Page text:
- Slang To cheat; swindle: do a relative out of an inheritance.
- Slang To take (drugs) illegally: “If you do drugs you are going to be in continual trouble” ( Jimmy Breslin )
- Slang To kill; murder.
- Vulgar Slang To have sex with or bring to orgasm.
- To behave or conduct oneself; act: Do as I say and you won't get into trouble.
- a. To get along; fare: students who do well at school.b. To carry on; manage: I could do without your interference.c. To make good use of something because of need: I could do with a hot bath.
- a. To serve a specified purpose: This coat will do for another season.b. To be proper or fitting: Such behavior just won't do.
- To take place; happen: What's doing in London this time of year?
- Used as a substitute for an antecedent verb: worked as hard as everyone else did.
- Used after another verb for emphasis: Run quickly, do!
- Used with the infinitive without to in questions, negative statements, and inverted phrases: Do you understand? I did not sleep well. Little did we know what was in store for us.
- Used as a means of emphasis: I do want to be sure.
nounpl. dos, or do's
- A statement of what should be done: a list of the dos and don'ts of management.
- Informal An entertainment; a party: attended a big do at the embassy.
- A commotion.
- A hairdo.
- Chiefly British Slang A swindle; a cheat.
- Slang Fecal matter; excrement.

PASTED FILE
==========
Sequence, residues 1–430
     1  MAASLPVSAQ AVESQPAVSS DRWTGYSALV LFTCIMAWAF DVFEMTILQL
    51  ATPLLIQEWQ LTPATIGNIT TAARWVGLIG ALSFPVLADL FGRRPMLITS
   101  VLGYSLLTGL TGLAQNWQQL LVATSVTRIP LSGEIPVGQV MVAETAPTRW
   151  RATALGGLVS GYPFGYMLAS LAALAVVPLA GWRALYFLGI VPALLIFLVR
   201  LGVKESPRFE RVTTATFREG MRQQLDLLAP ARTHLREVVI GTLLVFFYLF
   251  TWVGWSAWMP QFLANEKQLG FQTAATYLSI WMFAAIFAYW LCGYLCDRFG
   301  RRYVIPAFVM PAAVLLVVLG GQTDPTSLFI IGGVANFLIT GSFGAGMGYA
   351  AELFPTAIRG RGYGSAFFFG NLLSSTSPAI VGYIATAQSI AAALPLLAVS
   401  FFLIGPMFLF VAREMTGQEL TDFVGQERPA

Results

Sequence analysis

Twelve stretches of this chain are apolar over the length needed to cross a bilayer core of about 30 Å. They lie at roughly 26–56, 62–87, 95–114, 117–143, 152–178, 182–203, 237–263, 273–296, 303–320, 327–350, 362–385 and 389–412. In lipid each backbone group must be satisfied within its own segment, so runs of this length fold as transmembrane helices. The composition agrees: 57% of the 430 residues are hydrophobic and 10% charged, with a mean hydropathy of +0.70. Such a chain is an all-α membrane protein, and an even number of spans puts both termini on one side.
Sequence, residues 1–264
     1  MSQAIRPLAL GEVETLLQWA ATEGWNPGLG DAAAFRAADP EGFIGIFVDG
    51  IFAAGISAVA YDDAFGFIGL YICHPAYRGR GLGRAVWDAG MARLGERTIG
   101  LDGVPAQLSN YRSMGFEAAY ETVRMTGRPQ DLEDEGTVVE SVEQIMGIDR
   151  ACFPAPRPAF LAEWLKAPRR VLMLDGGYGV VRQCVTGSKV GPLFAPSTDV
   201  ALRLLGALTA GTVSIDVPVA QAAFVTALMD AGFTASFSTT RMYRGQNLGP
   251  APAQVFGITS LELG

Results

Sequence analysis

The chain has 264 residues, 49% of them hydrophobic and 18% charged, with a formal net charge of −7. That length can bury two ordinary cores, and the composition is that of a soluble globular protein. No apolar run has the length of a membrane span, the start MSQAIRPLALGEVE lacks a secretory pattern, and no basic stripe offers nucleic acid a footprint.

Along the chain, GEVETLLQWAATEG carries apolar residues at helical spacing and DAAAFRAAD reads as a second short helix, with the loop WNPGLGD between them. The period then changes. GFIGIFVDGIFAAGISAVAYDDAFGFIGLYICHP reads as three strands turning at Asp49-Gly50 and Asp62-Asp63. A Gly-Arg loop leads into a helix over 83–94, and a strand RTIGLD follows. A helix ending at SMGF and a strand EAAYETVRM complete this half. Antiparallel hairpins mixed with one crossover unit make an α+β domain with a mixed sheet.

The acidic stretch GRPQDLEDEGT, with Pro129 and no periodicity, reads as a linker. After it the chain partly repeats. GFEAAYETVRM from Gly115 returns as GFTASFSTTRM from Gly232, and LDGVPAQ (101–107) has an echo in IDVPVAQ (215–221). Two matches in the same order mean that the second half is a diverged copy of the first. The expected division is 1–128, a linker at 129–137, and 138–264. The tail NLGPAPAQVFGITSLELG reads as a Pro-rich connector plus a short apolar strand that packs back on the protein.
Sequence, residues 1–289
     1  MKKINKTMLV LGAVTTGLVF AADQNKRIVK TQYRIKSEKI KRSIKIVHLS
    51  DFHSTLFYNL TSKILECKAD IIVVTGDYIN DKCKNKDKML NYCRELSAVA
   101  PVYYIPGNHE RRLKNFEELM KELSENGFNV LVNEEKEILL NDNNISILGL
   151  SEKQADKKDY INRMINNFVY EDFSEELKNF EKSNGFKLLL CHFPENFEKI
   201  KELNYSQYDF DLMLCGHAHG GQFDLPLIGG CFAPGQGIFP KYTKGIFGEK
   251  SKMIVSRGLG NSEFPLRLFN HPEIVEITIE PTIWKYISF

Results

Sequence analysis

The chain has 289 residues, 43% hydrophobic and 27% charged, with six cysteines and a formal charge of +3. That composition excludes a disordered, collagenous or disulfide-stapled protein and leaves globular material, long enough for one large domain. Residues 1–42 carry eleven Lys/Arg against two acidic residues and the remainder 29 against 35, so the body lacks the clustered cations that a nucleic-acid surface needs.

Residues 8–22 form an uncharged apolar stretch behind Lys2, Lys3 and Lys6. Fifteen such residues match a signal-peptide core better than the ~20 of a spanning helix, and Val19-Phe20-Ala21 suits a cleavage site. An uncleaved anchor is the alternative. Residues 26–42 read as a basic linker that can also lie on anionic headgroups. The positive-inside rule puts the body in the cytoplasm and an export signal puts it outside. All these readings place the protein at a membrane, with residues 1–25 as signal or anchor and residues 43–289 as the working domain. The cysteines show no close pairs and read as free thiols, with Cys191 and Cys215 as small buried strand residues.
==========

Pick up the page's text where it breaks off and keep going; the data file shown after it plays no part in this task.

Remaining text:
Origin of doMiddle English don from Old English dōn ; see dhē- in Indo-European roots.
Origin of doItalian more singable replacement of ut ; see gamut .
nounpl. dos Slang
- Doctor of Optometry
- Doctor of Osteopathic Medicine
(third-person singular simple present does, present participle doing, simple past did, past participle done)
- (auxiliary) A syntactic marker in questions.
- Do you go there often?
- (auxiliary) A syntactic marker in negations.
- I do not go there often.
- (auxiliary) A syntactic marker for emphasis.
- But I do go sometimes.
- (auxiliary) A syntactic marker to avoid repetition of an earlier verb.
- I play tennis; she does too.
- To perform; to execute.
- all you ever do is surf the Internet; what will you do this afternoon?
- W. Caxton
- My lord Abbot of Westminster did do shewe to me late certain evidences.
- a fatal plague which many did to die
- Bible, 2 Cor. viii. 1
- We do you to wit [i.e. we make you to know] of the grace of God bestowed on the churches of Macedonia.
- (intransitive) To suffice.
- it’s not the best broom, but it will have to do; this will do me, thanks.
- (intransitive) To be reasonable or acceptable.
- It simply will not do to have dozens of children running around such a quiet event.
- To have (as an effect).
- The fresh air did him some good.